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Gregory S. Johnson, Attorney at Law
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What does a divorce mean for the size of your family?

Louisiana readers may know many American marriages end in divorce, and as a result, many families are now quite expansive, thanks to remarriage. In fact, because of divorce and remarriage, some family trees are now quite complex, and parents may find it more important than ever to have strong and workable custody plans.

American families may be more complicated than ever before, but it is possible to make even the most complex of arrangements work smoothly. To make this happen, it is essential to work diligently for a custody arrangement and parenting plan that allows for your family to have a strong future, even long after divorce and remarriage.

Complicated families are now the norm

Remarriage after a divorce can bring several more people into your family circle. This includes new adults with a grandparent role, stepchildren, half-siblings and more. The following are facts and statistics that you may find interesting regarding American divorce and family trends:

  • Studies suggest that as many as one-third of households led by adults under the age of 55 have a stepparent.
  • Of couples 55 and older who have adult children, approximately 33 percent of them have stepchildren.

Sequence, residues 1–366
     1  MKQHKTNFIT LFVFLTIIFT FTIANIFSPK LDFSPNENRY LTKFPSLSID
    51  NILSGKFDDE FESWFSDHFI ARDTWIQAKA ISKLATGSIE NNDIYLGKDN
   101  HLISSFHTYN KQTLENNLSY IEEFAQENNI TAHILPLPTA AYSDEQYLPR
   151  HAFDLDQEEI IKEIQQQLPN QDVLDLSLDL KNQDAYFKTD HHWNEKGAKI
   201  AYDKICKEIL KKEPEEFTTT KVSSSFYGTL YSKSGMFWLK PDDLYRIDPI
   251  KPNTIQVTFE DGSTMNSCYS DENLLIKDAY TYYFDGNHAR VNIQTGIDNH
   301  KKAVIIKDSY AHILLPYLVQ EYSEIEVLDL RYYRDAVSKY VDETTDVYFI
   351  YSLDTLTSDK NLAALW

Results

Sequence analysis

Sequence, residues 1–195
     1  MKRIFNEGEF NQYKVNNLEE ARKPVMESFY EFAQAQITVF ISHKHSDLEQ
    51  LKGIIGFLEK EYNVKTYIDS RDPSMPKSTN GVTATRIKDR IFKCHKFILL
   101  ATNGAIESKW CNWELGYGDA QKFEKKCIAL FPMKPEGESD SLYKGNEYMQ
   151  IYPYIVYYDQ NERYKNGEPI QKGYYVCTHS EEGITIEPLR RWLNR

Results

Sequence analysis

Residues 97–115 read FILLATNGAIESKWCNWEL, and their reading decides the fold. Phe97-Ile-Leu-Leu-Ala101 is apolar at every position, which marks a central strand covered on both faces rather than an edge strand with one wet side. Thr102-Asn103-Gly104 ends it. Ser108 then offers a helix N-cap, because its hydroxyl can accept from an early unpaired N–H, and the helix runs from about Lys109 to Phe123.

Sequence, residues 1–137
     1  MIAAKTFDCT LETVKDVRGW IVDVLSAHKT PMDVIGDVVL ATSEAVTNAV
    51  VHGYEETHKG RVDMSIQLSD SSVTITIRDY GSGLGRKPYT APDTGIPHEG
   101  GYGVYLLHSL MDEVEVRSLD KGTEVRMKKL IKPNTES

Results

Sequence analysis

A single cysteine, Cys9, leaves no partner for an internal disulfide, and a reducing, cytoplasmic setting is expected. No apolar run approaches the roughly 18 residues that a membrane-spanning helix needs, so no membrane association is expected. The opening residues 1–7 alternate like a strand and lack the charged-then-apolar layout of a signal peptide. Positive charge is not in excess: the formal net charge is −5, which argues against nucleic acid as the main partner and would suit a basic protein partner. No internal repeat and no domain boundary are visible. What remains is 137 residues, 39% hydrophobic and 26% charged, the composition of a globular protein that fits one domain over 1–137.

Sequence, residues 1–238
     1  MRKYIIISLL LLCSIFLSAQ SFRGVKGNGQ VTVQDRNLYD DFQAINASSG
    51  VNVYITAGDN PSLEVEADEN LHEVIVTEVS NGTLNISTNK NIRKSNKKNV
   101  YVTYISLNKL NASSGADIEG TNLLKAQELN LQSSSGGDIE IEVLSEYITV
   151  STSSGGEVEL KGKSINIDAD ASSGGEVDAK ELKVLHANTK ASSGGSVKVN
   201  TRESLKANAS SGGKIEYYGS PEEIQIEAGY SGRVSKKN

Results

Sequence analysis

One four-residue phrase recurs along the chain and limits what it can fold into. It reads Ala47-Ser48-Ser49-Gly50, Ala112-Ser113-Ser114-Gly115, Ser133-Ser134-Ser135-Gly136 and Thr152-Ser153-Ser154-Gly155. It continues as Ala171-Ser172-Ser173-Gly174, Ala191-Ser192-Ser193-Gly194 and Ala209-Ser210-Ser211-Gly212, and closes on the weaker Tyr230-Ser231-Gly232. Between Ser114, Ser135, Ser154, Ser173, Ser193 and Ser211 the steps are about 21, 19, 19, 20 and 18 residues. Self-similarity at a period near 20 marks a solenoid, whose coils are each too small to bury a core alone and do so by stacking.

• Almost 30 percent of people age 50 and older have been married at least twice, which means more stepchildren, half-children and extended families.

These extended and expansive families can lead to unique complications. For example, will your child's stepparent pay for your kids to go on vacation? Who gets to see the kids over the holidays? Which adults in the child's life have the responsibility of paying for college?

Families come in all shapes and sizes, and for the most part, it is possible to make these arrangements work well. However, a peaceful custody plan often starts with a solid, thoughtful and smart custody arrangement. If you are getting divorced or believe your custody plan could benefit from adjustments, you have no time to lose in learning more about your legal options.

Protecting your role and rights as a parent

As a parent, there is likely nothing as important to you as maintaining your role as an active and loving parent. You may be able to protect this role and shield your child from unnecessary complications by clearly defining the terms of your custody order. A wide range of issues can be addressed in custody arrangements.

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